Running in Hell

My true feelings for the small eastern North Carolina community I’ve inhabited for nearly four years have ranged from private loathing to precariously negotiated contentment. Though I’ve always tried to make the best of being somewhere where a healthy, progressive way of being is by default a radically alternative lifestyle, I’ve never embraced the local culture. Truthfully, I never thought it worth it the effort and internal change required for that to happen.

With my time here waning, I experienced a realization: This really, truly is Hell.

Heat wave

The epiphany arrived with an unseasonable heat wave earlier this week. “It’s 99 in the shade,” isn’t an exaggerated cliche. Additionally, when the wind shifts just so it delivers smoke and haze from a 30,000-acre wildfire contained but still smoldering 45 minutes south. It’s as if the fire and brimstone ever-threatened from the pulpits of unairconditioned Southern Baptist churches has finally arrived to punish us for all our evil-doings.

What’s a would-be ultramarathoner to do about the torrid conditions? Run in them — but with modifications and precautions. Here’s how I kept from getting too hot and bothered.

Beat the heat.Finding the most temperate conditions meant getting started by 6 a.m. and finishing before the sun rose too high. As pre-dawn activity isn’t my true nature, I traded one comfort zone for another. It was more than worth it.

Slowed down and drank up. In heat and humidity, I’m good at my usual training paces for an hour, tops. I gave myself permission to ignore pace and run by feel, always finding a comfortable effort. Though speed decreased, the frequency of needing liquid increased significantly. Carrying water or stashing refreshing bottles of melting frozen Gatorade to sip from quenched my thirst.

Searched for shade. The neighborhood where I live has no shade and plenty of baking pavement. Not ideal. The extra time and effort to drive to a tree-lined section of town and nature trails near the breezier coast paid off. I still felt the sweaty weight of saturated air, but never had the sensation of being too hot. Thank you trees!

Sought motivation.If pushing through humidity ever started my mind grumbling, I reminded myself that no one makes me run, and the ability is a privilege. I thought of runners who complete the inferno-like Badwater Ultramarathon. I thought of soldiers in Vietnam, Afghanistan, and Iraq, letter carriers, and laborers, for whom making a living requires being active in any conditions. I looked ahead to when safe training in heat will provide an additional increase in fitness.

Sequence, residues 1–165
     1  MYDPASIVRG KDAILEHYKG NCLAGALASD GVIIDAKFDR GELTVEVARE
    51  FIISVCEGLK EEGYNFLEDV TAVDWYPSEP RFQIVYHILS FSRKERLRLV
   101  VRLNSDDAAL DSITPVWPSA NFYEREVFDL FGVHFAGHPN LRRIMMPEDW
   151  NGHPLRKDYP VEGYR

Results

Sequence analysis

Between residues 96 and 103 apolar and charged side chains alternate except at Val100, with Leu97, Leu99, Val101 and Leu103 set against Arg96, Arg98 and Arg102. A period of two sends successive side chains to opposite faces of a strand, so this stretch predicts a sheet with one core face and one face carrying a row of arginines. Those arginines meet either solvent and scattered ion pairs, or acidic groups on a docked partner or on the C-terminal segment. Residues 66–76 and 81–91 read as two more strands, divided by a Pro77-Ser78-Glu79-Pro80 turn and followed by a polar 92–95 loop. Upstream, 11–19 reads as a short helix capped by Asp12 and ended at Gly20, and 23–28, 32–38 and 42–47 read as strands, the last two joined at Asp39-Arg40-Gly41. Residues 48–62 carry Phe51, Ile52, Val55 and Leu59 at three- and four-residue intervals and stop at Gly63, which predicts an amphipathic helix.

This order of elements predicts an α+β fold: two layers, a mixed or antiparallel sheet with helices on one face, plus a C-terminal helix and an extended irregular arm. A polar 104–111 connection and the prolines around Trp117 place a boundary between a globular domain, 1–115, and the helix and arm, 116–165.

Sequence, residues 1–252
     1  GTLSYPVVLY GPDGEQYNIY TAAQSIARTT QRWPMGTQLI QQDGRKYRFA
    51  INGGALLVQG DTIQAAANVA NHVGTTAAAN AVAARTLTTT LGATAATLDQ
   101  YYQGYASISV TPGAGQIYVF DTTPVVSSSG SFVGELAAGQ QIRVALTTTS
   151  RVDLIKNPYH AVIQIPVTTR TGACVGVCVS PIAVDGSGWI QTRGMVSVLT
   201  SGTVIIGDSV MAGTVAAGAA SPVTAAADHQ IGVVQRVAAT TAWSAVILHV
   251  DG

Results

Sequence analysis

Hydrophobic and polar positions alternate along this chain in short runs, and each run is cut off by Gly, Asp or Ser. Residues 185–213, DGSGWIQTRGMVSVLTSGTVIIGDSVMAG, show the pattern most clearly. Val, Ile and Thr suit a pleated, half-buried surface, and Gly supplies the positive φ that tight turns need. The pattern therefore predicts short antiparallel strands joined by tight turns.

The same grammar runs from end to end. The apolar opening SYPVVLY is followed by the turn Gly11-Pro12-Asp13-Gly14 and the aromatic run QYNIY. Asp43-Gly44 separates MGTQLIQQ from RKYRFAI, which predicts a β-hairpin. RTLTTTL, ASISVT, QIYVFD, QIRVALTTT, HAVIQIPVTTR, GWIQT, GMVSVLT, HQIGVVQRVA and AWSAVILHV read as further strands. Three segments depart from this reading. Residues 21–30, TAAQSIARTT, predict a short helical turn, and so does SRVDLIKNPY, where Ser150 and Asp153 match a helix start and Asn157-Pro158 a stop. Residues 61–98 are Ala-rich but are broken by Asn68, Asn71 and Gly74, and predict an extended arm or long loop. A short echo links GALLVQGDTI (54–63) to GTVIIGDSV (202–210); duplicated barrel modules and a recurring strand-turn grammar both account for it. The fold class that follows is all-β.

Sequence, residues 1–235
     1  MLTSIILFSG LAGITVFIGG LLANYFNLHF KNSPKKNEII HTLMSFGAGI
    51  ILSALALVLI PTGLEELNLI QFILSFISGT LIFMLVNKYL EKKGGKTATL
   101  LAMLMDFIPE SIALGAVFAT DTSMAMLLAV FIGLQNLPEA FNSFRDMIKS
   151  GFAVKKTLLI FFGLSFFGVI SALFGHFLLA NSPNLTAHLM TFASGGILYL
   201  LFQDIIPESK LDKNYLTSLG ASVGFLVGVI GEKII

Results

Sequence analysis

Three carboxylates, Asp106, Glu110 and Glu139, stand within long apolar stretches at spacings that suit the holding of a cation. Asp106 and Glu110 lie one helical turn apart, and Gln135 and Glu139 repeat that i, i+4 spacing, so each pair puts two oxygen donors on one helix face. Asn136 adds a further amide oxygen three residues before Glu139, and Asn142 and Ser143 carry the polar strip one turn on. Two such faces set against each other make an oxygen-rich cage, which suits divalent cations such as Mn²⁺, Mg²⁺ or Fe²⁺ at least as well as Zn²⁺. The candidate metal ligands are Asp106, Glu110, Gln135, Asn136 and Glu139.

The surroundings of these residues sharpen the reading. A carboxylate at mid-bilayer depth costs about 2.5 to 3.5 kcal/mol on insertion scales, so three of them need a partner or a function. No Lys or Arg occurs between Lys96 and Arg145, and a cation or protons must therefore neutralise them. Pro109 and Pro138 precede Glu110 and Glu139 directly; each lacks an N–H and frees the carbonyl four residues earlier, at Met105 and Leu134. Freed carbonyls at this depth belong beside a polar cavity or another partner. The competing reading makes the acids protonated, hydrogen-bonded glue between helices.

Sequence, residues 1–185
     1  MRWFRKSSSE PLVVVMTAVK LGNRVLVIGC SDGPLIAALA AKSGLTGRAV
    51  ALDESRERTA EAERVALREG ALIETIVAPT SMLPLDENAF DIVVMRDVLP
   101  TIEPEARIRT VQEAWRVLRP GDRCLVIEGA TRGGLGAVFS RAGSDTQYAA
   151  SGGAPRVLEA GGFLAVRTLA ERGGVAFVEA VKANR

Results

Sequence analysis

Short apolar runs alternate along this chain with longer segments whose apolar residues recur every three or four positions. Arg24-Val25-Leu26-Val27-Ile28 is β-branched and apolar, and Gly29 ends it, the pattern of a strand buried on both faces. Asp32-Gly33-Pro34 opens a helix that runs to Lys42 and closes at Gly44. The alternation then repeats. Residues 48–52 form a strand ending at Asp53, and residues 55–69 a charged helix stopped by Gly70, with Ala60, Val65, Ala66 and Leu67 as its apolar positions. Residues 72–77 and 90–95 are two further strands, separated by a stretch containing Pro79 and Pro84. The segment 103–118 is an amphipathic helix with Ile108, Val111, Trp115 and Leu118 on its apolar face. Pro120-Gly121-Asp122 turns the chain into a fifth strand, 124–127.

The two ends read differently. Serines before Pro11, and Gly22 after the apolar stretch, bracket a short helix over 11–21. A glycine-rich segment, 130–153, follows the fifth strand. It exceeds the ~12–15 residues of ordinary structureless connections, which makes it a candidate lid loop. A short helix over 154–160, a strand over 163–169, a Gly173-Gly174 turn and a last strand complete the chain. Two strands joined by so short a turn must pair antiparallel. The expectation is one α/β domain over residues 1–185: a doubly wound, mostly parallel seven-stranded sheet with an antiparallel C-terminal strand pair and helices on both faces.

Treated myself to the treadmill. One day I pampered myself on the treadmill with built-in fan and satellite radio in the climate-controlled YMCA. The relief of not having to deal with sticky conditions translated into a grateful, super-charged run. It was more like going to the spa for eight miles.

Reviewed information about running in hot weather. It’s potentially life-saving to follow these practices and recognize signs of heat illness. I stayed mindful to the typical symptoms I experience when overheated: chills, nausea, and cramping.

Temperatures above 75 degrees Fahrenheit will never be ideal for performing an activity that raises the body’s temperature. But with time and safety practices, the amazing human body will adjust. After all, people have lived and run comfortably in the Middle East and Southern Hemisphere for thousands of years. I aim to follow in their footsteps.

If you’ve got a tried-and-true method of keeping your cool, please add it in a Comment.

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1 Response to “Running in Hell”


  1. 1 anthonyp June 9, 2008 at 5:45 am

    I know how you feel – we hit temps of 95+ yesterday for the Need for Speed Relay. It was nuts out there and they cancelled the relay later in the day due to so many people having to go to the hospital due to dehydration.

    Today we are expecting a high of 97 with a real feel in the 100s !


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